A line of cars snaked all through the College Park Plaza Shopping Center's parking lot Tuesday morning as volunteers from a group of local businesses handed out care packages to public safety, health care and other frontline workers.
Organized by Flying Dog Brewery, the Roasthouse Pub and McCutcheon's Apple Products, and funded by the brewery's First Amendment Society nonprofit, the drive-thru "happy hour" promised to provide a hot meal and a six-pack of beer to everyone deemed a "frontline hero" with a job in public safety or the health care field among others, said Niko Negas, Roasthouse Pub's executive chef. The pub worked hard to cook up hundreds of hot meals to give away during the event, which began at 7 a.m. and lasted until 2 p.m., the "happy hour" giveaway proved much more popular than the businesses had expected.
"We actually prepared for 400 meals and we ended up getting about 450 meals, and we ran out in about three and a half hours," Negas said with a chuckle. "So we're now supplementing with some gift cards from some other local businesses, the 7th Street Cafe and sandwich shop here have donated some sandwiches, so it's really been amazing, the turnout has been amazing."
Frontline workers appreciated the gesture, as they shouted their thanks from their cars when they rolled by the tent, many of them on their way home from a work shift.
Donette Jones, 51, of Frederick, a registered nurse for both the Holy Cross Hospital and Kaiser Permanente, was out on a shopping trip earlier Tuesday when she learned about the "happy hour" event from relatives in a family group chat.
"They sent me a message saying they were giving all first responders a meal and beer, so I said, 'Hey, I'm out anyways, I'll go get it,'" Jones said. "I think it's a really nice gesture."
A Flying Dog truck dropped off even more beer for the tent workers to hand out shortly before noon while McCutcheon's tried to keep up with jars of apple butter for each vehicle, as well. Meanwhile, Ben Savage, the chief marketing officer for Flying Dog, ran back and forth from the tent to several other restaurants in the shopping center picking up gift cards and more meals.
The line continued to grow as Savage dropped off a stack of pizzas donated by nearby Rosati's Pizza, prompting the volunteers under the tent to break out stacks of paper plates to divide up the food.
"We've been working on this for a few weeks now. We have a lot of great partners in the community and we all wanted to get together and do something really meaningful for the frontline heroes," Savage said, taking a quick breather. "We all really appreciate what they're doing for everyone else on the front lines and we thought we could just ... pull everybody together and see if we can't do something to show our appreciation for what they're doing."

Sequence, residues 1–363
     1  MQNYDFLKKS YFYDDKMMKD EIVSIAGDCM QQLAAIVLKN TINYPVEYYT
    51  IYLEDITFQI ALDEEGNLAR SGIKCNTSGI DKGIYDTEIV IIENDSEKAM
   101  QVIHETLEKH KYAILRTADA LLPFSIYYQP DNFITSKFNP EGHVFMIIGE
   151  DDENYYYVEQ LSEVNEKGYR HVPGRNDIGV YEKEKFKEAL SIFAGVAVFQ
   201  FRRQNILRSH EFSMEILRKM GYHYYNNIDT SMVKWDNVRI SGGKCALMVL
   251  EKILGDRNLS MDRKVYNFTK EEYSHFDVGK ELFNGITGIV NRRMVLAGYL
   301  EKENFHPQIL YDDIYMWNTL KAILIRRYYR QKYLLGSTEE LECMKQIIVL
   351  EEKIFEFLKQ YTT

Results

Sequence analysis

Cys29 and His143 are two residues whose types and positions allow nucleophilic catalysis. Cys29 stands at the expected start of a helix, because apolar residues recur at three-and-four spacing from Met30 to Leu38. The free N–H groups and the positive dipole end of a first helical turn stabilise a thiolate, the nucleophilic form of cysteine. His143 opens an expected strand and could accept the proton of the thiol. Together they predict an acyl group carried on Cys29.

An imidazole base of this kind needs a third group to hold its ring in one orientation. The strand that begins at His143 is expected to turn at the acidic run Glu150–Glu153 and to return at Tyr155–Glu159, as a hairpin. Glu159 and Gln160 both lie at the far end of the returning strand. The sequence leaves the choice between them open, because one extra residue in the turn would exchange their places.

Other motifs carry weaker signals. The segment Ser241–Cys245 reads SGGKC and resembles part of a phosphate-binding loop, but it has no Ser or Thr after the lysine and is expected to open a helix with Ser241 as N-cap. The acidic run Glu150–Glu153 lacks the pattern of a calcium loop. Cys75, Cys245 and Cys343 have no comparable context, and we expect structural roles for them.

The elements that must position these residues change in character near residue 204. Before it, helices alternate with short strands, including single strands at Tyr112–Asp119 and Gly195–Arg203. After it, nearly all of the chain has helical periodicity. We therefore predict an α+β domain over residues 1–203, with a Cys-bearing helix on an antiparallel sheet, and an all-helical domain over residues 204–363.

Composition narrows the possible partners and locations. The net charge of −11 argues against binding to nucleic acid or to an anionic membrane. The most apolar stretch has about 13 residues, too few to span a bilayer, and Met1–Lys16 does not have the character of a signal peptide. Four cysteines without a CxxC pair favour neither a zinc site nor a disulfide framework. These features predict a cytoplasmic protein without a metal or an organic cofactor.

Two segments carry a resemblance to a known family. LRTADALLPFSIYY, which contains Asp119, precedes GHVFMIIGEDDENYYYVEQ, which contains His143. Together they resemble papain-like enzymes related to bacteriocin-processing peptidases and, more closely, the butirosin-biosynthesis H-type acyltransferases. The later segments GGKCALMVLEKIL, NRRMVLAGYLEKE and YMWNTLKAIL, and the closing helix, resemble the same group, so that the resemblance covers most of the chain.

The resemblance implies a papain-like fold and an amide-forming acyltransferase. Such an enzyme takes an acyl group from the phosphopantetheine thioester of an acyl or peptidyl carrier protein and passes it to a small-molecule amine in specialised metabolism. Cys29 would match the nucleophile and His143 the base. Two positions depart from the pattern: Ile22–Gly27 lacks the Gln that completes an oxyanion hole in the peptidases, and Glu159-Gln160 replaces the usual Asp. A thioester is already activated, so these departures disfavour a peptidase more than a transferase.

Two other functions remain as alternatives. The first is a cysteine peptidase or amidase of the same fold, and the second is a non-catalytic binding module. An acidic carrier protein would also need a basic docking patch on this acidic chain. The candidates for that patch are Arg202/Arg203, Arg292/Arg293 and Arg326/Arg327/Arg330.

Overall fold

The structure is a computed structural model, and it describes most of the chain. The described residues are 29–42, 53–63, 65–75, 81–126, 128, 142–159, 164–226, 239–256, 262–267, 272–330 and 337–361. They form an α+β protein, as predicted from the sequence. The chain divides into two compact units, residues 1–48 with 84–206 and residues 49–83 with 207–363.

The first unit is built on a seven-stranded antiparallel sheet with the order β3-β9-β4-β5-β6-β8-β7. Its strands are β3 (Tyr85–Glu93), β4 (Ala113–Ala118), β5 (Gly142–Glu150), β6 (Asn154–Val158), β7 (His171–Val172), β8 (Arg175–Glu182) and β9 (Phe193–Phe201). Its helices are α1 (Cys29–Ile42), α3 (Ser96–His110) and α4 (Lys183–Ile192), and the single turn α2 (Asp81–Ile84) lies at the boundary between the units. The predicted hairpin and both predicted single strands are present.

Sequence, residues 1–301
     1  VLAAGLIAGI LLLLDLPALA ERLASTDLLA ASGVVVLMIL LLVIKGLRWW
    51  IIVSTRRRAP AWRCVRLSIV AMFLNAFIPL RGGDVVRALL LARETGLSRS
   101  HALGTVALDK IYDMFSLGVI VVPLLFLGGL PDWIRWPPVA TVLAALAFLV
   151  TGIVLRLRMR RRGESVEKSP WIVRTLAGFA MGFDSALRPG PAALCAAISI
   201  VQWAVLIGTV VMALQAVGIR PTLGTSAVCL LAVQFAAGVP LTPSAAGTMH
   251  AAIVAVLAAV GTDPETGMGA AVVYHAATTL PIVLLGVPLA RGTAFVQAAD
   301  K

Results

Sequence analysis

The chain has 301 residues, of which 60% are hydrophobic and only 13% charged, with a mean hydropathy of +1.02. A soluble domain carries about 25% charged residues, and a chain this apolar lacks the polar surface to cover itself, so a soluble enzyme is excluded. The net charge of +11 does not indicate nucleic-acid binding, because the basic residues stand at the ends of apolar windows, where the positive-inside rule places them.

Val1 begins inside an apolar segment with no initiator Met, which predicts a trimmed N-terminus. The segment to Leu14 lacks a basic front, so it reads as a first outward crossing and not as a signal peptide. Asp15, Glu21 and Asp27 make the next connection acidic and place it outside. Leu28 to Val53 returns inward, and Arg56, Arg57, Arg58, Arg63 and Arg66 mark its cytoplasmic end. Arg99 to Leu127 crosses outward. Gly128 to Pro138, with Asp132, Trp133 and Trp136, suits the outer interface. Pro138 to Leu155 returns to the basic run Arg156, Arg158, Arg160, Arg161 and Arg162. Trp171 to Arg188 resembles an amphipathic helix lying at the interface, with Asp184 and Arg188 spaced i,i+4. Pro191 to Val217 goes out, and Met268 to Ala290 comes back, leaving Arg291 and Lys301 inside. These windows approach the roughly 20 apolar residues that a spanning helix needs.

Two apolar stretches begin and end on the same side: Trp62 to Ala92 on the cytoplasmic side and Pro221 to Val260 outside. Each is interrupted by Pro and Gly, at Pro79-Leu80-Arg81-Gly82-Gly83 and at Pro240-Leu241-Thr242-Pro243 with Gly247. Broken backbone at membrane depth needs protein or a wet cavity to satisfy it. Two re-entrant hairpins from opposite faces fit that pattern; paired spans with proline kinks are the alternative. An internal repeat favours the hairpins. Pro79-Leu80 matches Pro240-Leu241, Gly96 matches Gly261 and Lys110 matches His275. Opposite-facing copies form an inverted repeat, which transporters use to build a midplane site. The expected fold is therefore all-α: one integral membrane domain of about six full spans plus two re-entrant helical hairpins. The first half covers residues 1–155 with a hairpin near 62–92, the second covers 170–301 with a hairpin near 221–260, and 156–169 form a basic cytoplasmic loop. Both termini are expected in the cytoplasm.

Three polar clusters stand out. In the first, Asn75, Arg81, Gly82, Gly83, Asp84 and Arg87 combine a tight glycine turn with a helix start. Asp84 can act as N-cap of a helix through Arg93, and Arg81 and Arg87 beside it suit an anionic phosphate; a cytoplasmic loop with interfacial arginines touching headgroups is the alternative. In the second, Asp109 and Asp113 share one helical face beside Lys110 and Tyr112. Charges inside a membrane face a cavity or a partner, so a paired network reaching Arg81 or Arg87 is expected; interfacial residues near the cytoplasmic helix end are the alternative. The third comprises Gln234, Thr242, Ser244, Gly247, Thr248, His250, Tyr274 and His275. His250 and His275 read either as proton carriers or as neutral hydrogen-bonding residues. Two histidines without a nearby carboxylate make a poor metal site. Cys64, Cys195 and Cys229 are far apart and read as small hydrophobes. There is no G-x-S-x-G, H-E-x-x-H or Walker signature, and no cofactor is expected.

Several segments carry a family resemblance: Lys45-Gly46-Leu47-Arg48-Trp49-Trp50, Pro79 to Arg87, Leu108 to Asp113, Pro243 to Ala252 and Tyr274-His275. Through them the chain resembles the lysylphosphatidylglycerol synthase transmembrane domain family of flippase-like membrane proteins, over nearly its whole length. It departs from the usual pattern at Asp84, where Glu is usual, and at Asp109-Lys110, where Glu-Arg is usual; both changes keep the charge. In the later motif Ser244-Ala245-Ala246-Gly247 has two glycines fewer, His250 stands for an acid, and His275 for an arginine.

While a second pick-up time had been announced from 4 p.m. to 8 p.m. at the tent in an effort to provide food and beer for any workers who couldn't make the morning and early afternoon hours, Savage said the group had to cut those hours back to between 6 p.m. and 8 p.m. because they weren't positive they'd be able to keep up with the demand.
Jeff Felter, 23, a firefighter/EMT with the Frederick County Division of Fire and Rescue Service, stopped by the event along with his girlfriend, 21-year-old Darian Low, who is a certified nursing assistant at the WellSpan York Hospital in York County, Pennsylvania. While working in such close proximity to people who have either contracted the virus or those who suspect they might be infected is tough, the couple said they were happy to be able to help.
Felter, who works out of Station 2 on North Market Street, has only been with the fire service for about eight months but the scale and the seriousness of the pandemic is new to everyone.
"It's definitely been different, a bunch of the guys who have a lot more time on the job have said it's like nothing they've ever really dealt with before," Felter said. "But the department's been doing a great job of keeping us safe and making sure everyone goes home safe."
Both Felter and Low agreed that acts of kindness and support like the "happy hour" event send a very supportive message that the community has their backs, which is comforting and heartwarming.
"It's a rewarding job as it is, and then to know that the community is behind you like that makes it that much better," Felter said.